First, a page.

When it comes to drag queen fashion, no designer is more in demand that San Francisco’s Dallas Coulter. From Bianca Del Rio and Kim Chi to Michelle Visage and Peaches Christ, Dallas has become the go-to-gal for many of the world’s most well-known queens (yes – Michelle Visage is a queen, too, honey).
As swamped with new design projects as she is, Dallas took the time to talk with Queerty writer Tim Winfred about her love of fashion and how she became the designer every drag queen is dying to work with.
1. What sparked your interest in fashion?
It goes back to before I can even remember. My grandmother says that when I was little I would ask her to get out the sewing machine instead of the toys. As a club kid in my teen years, there was nowhere to find fun clothes (I’m old, we didn’t have the internet), so I learned to make my own. My love of Thierry Mugler was what inspired me to make it my career.
2. Who was the first drag queen you designed an outfit for?
The first queen I ever designed for was Heather Skye. I was terrified of her but asked if I could make her a gown anyway. It was purple sequined and she performed Annie Lennox’s “No More ‘I Love You’s'” in it. She was and will always be one of my biggest inspirations. Second to that was Pandora Boxx. We lived together for awhile so we’d work on costumes together for her and her dancers.
3. What drag outfits have been your favorite to design?
I have so many I love that it’s hard to narrow it down to a few. One of my favorite people to work with is Raja. She had this jacket in mind and a tapestry that had been hanging on the wall in her apartment. I put my own spin on it and this is what came out:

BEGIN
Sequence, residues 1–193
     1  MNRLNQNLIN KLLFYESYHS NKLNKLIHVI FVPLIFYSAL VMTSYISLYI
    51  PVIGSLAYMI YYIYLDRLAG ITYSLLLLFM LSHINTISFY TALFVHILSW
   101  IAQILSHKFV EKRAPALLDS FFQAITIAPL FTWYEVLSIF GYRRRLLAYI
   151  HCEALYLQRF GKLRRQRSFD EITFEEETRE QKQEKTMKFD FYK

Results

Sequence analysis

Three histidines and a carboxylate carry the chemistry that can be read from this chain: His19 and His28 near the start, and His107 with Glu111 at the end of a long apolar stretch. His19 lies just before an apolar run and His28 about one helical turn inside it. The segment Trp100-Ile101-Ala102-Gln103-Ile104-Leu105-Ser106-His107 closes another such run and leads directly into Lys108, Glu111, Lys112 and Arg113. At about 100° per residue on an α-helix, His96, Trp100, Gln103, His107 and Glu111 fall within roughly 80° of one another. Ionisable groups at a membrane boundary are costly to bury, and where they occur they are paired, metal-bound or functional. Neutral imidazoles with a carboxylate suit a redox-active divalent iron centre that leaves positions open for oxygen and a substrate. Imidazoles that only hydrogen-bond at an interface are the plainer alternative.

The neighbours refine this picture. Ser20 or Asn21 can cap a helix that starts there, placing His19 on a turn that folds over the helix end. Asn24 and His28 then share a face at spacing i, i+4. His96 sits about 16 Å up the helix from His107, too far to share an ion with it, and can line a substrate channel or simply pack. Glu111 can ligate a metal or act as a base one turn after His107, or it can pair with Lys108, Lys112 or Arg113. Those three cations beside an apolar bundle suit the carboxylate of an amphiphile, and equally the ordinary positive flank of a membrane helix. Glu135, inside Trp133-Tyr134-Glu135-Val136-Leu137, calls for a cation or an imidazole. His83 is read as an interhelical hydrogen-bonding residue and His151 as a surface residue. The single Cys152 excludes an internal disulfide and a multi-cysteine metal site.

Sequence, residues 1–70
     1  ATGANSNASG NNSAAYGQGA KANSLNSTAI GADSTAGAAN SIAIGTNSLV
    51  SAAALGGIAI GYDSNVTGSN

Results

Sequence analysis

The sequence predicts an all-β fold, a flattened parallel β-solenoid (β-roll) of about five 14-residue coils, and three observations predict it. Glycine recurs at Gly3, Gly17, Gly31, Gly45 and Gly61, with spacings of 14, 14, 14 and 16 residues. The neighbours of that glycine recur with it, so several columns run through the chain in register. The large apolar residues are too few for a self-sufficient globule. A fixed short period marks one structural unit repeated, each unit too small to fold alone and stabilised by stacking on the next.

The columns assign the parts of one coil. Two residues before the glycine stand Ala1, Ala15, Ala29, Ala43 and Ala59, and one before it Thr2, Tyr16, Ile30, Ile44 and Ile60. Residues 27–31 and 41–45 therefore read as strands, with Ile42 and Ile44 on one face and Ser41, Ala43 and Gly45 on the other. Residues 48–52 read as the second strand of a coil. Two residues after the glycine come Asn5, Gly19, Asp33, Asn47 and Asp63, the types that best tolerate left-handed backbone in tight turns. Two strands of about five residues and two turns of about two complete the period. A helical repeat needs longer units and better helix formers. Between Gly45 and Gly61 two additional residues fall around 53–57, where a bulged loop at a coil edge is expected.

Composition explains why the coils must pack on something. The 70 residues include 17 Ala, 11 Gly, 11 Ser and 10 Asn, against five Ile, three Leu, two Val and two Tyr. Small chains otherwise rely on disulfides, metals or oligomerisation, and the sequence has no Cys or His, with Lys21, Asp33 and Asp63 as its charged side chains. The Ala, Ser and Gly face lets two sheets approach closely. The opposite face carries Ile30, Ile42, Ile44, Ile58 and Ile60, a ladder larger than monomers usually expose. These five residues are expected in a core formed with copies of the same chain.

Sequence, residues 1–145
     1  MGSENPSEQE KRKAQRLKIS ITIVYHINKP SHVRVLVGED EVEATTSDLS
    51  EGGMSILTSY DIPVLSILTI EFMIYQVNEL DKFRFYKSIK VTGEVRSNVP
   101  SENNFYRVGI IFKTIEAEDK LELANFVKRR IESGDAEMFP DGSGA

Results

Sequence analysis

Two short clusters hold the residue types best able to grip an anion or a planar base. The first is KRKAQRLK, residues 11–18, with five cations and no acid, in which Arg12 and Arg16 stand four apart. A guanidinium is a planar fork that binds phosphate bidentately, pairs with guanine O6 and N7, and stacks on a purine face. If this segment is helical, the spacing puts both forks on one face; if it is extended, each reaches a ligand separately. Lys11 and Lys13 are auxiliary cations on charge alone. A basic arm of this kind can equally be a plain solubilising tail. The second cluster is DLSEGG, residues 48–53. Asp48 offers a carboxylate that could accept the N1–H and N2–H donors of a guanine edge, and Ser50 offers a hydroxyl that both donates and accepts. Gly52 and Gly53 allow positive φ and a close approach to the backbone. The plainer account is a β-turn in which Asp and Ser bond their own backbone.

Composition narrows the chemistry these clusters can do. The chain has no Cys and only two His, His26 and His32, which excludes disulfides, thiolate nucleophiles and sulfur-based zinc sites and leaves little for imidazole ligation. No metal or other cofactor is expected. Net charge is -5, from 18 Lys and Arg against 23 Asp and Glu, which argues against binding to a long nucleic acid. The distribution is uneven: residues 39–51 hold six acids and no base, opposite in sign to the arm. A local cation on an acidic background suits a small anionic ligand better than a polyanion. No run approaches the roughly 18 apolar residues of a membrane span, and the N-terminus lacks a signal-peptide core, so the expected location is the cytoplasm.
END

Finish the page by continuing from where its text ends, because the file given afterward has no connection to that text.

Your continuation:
Willam is another one of my favorite people to collaborate with. She’s really a genius when it comes to style so we tend to make some pretty amazing things together. One of those was a chola gown for her music video Es Una Pasiva:
Every few months I do some of the costumes for Peaches Christ‘s theater shows here in San Francisco. There are a few from those projects that stand out in my mind, such as Bianca Del Rio as Baby Jane, Jinkx Monsoon as Sarah Sanderson in Hocus Pocus, and Sharon Needles, Alaska Thunderfuck, Honey Mahogany, and Peaches Christ in The Craft:
4. What has been the biggest lesson you’ve learned working as a drag queen fashion designer?
There are so many aspects to working for drag queens that don’t apply to “regular” fashion design. I’m working for men in dresses. There’s an art to making the male form look feminine. No dress form will work for this and there’s a LOT of math involved. Another big thing is knowing each and every client’s body including their tricks to get it that way. For example, if a queen wears padding, chances are you need to cover pantyhose lines. Every queen is married to a certain bra and you need to make sure the shape of that is covered. You also need to know how they perform. If a queen is known to do death drops but asks for a gown…chances are she’s gonna do one in that gown at some point so I need to prepare any garment I make for what that queen might do in it.
Longevity is also a major factor. I have to make sure everything I make can withstand being shoved in a suitcase, snagged on the edge of a stage, etc. I could go on and on with this one.
5. What advice would you give to young designers?
Don’t limit yourself. Learn as much as you can at every opportunity. Take on every job as a challenge to try something new. We are all still learning, no matter how experienced we are. Communication is the most important thing to focus on in the business aspect of it. If you aren’t sure you can hit a deadline… do not agree to it. You can be the most amazing designer on the planet but if you let your customers down, you not only completely ruin your client’s plans but also make yourself look unprofessional.
Check out some of our favorite outfits created by Dallas Coulter Designs below, and be sure to follow Dallas on Instagram to see what other gorgeous designs she brings to life.
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